Jul 31, 2020

Nurses Can’t Be Good Advocates Without Good Data

During a pandemic, data can make the difference between life and death. The worldwide outbreak of COVID-19 is teaching us this lesson yet again. We need accurate information on where a disease has been, who has it, and how many infected people are dying in order to stop its further spread.

Unfortunately, this pandemic has also revealed serious deficiencies in the public commitment to good data in the United States. For several reasons, the collection of data connected to COVID-19 was inadequate from the start. Early on, the federal government was reluctant to collect or publish data on the unequal impact of COVID-19 by race, which we now know is key to understanding the disease’s toll. Political considerations and a general lack of coordination continue to prevent the collection of adequate data on a national scale. Finally, responding to the data being collected remains difficult because of the lag in testing times; even when a new outbreak has been confirmed, that information often comes too late to do anything about it.

Nurses across the United States are feeling the impact of this problem and are rightly outraged. We can contribute to the solution by advocating for better data practices in our own care settings as well as at the local, state, and federal levels. However, to be effective advocates for better data collection, nurses also need a sufficient understanding of how data contributes to population health.

In our report Population Health and the Future of Nursing: Conclusions published earlier this year, we called for a new era of “quantitative reasoning” in nursing. Starting with the observation that most assessment of social factors in health is done by nurses, we argued that all members of our profession need a basic sense of how the data they collect might be used to develop a picture of health in a population or community.

While we do not believe that all nurses need to be statisticians, all nurses should be able to use the data they collect to advocate for patients on the population level. They should also be able to comprehend the data collected by others and interpret what it means for those individuals in their care.  Since much of this data is married to new technologies, nurses also need to be at the table when those technologies are being designed or improved.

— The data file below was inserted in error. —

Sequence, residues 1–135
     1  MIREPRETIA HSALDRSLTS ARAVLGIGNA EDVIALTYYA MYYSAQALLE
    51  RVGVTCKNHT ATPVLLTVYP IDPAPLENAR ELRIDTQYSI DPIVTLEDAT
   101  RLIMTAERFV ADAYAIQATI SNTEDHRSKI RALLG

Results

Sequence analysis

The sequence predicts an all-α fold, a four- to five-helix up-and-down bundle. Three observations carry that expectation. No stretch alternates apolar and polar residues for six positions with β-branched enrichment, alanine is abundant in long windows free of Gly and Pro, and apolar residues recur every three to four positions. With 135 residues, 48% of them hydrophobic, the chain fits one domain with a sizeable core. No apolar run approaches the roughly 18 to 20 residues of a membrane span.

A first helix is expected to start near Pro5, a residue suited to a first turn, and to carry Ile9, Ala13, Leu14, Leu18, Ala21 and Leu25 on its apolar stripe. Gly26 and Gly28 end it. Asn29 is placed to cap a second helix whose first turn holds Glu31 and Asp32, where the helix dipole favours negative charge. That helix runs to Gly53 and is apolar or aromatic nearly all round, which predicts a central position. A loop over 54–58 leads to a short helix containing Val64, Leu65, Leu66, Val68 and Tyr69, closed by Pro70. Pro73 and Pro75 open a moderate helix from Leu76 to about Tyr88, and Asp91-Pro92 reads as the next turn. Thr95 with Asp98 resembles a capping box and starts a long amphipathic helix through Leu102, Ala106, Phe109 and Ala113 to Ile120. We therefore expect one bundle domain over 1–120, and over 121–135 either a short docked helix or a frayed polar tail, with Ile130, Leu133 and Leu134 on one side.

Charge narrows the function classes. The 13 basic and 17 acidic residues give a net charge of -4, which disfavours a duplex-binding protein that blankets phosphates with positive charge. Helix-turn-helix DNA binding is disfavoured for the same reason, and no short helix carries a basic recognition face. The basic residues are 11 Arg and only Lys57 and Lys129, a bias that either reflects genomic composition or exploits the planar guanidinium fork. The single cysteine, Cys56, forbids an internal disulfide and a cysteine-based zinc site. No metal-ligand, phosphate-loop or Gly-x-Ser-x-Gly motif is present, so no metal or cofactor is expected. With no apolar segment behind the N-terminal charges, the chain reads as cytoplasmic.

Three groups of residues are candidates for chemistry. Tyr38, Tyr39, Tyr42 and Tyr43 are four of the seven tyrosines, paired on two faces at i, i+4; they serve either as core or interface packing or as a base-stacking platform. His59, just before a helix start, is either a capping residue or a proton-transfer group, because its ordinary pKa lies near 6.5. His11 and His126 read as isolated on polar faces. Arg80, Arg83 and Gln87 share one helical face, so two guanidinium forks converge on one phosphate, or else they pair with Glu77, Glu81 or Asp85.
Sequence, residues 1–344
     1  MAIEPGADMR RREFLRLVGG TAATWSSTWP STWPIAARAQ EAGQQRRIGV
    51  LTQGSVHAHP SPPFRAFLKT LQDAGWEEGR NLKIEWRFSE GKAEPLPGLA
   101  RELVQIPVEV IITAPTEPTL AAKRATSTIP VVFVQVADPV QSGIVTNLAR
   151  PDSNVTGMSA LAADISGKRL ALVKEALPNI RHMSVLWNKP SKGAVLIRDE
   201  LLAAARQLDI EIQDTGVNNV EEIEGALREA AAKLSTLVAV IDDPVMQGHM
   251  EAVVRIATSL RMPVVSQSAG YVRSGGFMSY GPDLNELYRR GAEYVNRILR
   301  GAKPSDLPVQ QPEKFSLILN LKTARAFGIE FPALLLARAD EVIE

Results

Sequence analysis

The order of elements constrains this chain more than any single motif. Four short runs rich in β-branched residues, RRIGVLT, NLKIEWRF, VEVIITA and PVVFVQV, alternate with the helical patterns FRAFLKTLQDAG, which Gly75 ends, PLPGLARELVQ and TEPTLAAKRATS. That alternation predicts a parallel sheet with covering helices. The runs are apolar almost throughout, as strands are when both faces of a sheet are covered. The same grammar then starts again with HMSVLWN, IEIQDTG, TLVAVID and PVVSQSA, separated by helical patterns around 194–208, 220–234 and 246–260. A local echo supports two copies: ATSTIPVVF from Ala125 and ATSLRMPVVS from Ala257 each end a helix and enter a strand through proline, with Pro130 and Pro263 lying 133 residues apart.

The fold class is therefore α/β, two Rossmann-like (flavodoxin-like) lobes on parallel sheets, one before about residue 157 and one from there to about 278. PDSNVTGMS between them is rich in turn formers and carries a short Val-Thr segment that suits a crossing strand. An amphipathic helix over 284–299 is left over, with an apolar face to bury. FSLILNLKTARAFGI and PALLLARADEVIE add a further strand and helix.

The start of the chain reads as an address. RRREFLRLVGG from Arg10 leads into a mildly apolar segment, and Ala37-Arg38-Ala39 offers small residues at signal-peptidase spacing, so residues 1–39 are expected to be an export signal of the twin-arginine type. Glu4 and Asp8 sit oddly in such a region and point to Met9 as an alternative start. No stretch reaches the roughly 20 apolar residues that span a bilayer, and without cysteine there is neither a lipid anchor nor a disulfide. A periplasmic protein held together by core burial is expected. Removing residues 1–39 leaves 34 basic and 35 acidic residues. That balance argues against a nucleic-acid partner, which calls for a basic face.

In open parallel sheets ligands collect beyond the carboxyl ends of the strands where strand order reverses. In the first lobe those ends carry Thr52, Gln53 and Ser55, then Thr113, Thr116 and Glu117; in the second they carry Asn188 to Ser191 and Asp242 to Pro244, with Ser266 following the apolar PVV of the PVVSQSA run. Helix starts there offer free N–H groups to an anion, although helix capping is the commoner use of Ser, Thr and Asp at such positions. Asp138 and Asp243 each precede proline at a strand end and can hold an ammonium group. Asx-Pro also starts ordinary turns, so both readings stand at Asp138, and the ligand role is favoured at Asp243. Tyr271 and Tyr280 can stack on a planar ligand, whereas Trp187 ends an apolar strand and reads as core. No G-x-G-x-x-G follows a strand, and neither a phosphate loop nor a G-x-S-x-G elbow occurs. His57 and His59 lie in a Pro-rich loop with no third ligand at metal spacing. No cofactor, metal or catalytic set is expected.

Unfortunately, it is difficult to realize this kind of ambitious agenda while also fighting a pandemic. But based on what we are seeing on the ground and hearing from our colleagues, we see a few points that all nurses should keep in mind as they deal with data during the pandemic. Thank you to informaticist Marisa Wilson DNSc, MHSc, RN, associate professor and chairperson at the University of Alabama, Birmingham, for sharing her thoughts on nursing and data skills, which informed this list.

  1. Data has consequences — Many of us are used to focusing on the chart as the beginning and end of patient data. But in the age of electronic medical records, data is being combined and analyzed in many different ways. Accurate data on all patients will be essential for us to better understand how COVID-19 is impacting communities across demographic, geographic, and economic lines. If data is collected in ways that are inconsistent or arbitrary, it is worse than useless. Every nurse should understand that collecting reliable data contributes to the greater good of population health. Education and training must reinforce this.
  2. Technology is our friend — Let’s face it, we all hate it when computers get in the way of caring interactions with patients. But these days we are also constantly refreshing multiple tabs in our web browsers to get the latest data on COVID-19. As long as the pandemic is a part of our lives, we will be using technologies to understand it and manage it. New technologies will also emerge in response to this challenge. Nurses should take this opportunity to get comfortable with those technologies and seek opportunities to provide feedback on them whenever possible. Additionally, anyone developing new apps and devices to deal with COVID-19 needs to include nurses as a key user group.
  3. We have to reckon with risk — When caring for our patients, we try to eliminate every risk. “Probably” is not a word we like to hear when caring for patients. But when processing the kind of data needed to understand COVID-19, dealing with probability is unavoidable. Patients are asking us for advice about how to live their everyday lives when almost no social activity is completely free from the risk of infection. Nurses who work in schools and other public settings may need to assess risk just to provide basic care. Because of changing regulations as well as inadequate personal protective equipment (PPE), many of us have also been forced to calculate the risk of infection in our own lives. All of this is scary, but we need to approach the situation using the best of our training. That means grounding our opinions in science and working in consultation with colleagues to gather the most valid and reliable information.

We know that during this harrowing time, many nurses are too busy to acquire new skills. Many nurses who are treating COVID-19 patients are lucky to catch a few hours of sleep. But we must also recognize that this pandemic will change the future of nursing in America. Remaining open to opportunities to effectively use data will help us make that future one we want to live in.

Mary Sue Gorski, RN, PhD,  is the director of Advanced Practice, Research and Policy for the Washington State Nursing Care Quality Assurance Commission in Tumwater, Washington and and an advisor to the Campaign for Action.